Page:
The workshop’s last session had the members of the roundtable providing their reflections on what they learned over the course of the day’s proceedings. Kim Parson said that the entire process has to be thought of in the context of a partnership between health care providers and their patients, a comment reiterated by Betsy Humphries, deputy director of the National Library of Medicine. “If we want these [discharge instructions and after-visit summaries] to be of value to patients, we need to engage them in the design of them,” said Parson, adding that the work presented at the workshop showed the value of moving away from a check-the-box mentality. “We need to recognize that one size does not fit all,” said Parson. Lori Hall, consultant for health education at Eli Lilly and Company, added that the discharge plan is a tool and cannot replace the human element when educating patients about the various aspects of their care after discharge. She also commented that it is important to remember that information overload is real and that handing a patient a thick booklet of instructions without having a person there to explain important items is likely to lead to more problems than it solves.
Laurie Myers, leader of Health Literacy Strategy for Merck & Co., Inc., thought that the roundtable needs to bring a broader range of people to the table, including pharmacy representatives. Her colleague at Merck, Margaret Loveland, said that the presentations and discussions made it clear that, above all, discharge instructions have to be meaningful, succinct, up to date, and accurate and that they have to account for cultural and language issues specific to individual patients. She also noted that it is important to remember that discharge instructions are not just a document
to hand to the patient. “We have to do education prior to discharge, and we have to follow up postdischarge,” she said. Terri Ann Parnell agreed with Myers and added that it is easy to lose sight of the fact that these documents are the patient’s and that they have to be created and used with the patient always at the center of the process. Laurie Francis noted, too, that discharge summaries can be an important part of the process that helps patients navigate the system by increasing health literacy.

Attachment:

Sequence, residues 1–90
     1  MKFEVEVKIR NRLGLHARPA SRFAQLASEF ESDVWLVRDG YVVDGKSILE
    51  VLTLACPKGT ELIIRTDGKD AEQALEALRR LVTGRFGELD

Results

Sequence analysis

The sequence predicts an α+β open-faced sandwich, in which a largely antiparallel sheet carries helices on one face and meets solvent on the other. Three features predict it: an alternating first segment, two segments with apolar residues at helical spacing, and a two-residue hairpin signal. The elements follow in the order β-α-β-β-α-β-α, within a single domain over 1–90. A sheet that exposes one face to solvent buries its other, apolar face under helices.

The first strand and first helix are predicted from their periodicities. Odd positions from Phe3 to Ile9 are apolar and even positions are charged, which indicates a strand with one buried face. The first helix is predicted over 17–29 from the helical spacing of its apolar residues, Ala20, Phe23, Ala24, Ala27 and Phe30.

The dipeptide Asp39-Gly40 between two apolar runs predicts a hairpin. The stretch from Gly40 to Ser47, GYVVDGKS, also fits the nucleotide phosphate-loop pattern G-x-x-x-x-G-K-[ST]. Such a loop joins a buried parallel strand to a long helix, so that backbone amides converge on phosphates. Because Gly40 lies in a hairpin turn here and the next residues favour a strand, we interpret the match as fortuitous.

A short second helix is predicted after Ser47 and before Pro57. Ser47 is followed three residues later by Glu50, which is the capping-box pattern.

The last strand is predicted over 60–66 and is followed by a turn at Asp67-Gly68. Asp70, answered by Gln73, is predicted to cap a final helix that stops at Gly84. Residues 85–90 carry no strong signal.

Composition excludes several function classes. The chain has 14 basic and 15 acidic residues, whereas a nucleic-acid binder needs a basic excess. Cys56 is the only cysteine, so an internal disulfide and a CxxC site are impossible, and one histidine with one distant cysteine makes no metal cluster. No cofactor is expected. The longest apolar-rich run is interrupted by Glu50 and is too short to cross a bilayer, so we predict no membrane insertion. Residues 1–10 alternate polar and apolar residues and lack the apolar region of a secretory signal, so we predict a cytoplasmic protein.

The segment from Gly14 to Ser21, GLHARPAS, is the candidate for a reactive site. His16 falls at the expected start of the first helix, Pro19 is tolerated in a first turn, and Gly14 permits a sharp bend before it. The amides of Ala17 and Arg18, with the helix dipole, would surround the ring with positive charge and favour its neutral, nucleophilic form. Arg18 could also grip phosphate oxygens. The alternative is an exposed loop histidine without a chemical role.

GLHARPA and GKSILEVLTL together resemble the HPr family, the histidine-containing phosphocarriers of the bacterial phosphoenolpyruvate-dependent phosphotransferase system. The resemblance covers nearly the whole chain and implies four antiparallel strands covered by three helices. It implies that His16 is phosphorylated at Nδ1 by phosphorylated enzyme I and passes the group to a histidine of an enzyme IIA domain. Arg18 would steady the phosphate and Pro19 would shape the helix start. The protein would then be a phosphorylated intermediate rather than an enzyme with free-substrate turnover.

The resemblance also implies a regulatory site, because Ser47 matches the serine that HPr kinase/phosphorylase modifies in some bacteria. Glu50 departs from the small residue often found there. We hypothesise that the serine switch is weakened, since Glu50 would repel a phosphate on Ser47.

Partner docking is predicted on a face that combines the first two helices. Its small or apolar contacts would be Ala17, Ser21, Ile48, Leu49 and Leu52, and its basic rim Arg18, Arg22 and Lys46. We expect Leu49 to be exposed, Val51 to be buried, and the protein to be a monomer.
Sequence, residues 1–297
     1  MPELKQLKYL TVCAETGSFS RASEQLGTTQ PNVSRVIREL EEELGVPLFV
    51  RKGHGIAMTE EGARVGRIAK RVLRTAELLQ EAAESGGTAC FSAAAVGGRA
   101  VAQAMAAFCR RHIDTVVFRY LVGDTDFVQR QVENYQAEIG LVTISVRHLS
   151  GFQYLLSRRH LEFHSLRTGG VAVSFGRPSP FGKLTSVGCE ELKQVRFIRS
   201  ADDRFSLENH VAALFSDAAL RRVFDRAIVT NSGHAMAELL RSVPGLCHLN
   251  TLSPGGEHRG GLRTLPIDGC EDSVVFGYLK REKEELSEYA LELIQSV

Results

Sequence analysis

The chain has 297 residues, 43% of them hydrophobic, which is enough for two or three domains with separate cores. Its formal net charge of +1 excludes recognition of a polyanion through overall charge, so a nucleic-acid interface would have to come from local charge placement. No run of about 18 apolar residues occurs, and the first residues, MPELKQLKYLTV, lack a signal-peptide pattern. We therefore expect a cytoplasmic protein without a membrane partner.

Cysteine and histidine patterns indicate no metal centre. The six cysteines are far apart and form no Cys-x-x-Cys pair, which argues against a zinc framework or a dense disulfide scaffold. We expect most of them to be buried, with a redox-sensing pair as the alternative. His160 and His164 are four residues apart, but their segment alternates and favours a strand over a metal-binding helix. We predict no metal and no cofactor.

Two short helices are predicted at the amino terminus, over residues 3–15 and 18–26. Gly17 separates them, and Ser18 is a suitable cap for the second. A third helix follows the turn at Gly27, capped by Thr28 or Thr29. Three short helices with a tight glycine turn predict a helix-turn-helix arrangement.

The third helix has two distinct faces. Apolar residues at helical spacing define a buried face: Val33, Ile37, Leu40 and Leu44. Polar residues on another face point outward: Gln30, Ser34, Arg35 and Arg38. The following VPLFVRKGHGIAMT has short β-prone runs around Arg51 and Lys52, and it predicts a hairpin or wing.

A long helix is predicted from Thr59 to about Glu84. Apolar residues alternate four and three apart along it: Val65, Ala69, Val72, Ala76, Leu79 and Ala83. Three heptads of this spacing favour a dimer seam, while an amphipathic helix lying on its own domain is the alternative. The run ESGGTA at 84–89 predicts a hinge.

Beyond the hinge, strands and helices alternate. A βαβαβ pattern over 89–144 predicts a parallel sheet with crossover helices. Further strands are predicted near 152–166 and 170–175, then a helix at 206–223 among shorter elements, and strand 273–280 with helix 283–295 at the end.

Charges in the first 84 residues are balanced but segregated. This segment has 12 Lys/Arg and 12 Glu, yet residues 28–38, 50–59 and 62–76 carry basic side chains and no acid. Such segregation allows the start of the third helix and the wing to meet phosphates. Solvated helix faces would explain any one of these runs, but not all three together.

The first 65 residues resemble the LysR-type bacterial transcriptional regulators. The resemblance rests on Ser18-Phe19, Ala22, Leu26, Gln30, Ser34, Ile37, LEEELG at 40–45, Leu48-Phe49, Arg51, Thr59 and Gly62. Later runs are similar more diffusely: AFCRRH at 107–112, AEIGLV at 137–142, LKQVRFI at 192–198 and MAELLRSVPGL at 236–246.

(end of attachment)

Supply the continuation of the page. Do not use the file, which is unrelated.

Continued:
Cindy Brach remarked that the CMS readmission payment incentives make hospitals a more responsive audience for this work. “I think we have less traction in the outpatient setting, which is where a lot of the care that is delivered keeps patients out of [the] hospital, so we need to think more about that,” she said. Brach also reminded the roundtable of another workshop on patient-centered prescription labels at which a speaker challenged the attendees to step up and use the models that had been developed and tested. “U.S. Pharmacopeia stepped up to the plate and proceeded to assemble an advisory group to come up with standards that they then published as recommendations for a patient-centered label,” she recounted. “I think that we are at that point with this topic, and I think that the IOM Roundtable on Health Literacy could be moving this forward. Getting vendors, clinician associations, and patients together to help the market realize this opportunity is something where we could make a contribution as a group.”
Benard Dreyer said, “I do feel that the train is leaving the station on this issue. EHR vendors and hospitals are well into this, and it is going to be much harder to get them to change once it is established. This is the time to intervene, rather than to wait until it gets solidified. I would urge us to think about how we can do that and maybe have a serious discussion,” he said.
Robert Logan said that as someone who approaches health literacy from a nonclinical perspective, the workshop’s presentations reminded him of the importance of comprehensive data integration and assessment of a patient’s condition. He was reminded, too, that discharge information and health education are a shared responsibility that involves primarily physicians, but also includes nurses, community health workers, and health coaches, and that the design of this tool needs to consider all of these as both sources of information and health educators. He also noted that a key piece of information for many patients is what is new or different about their condition and what to do about that.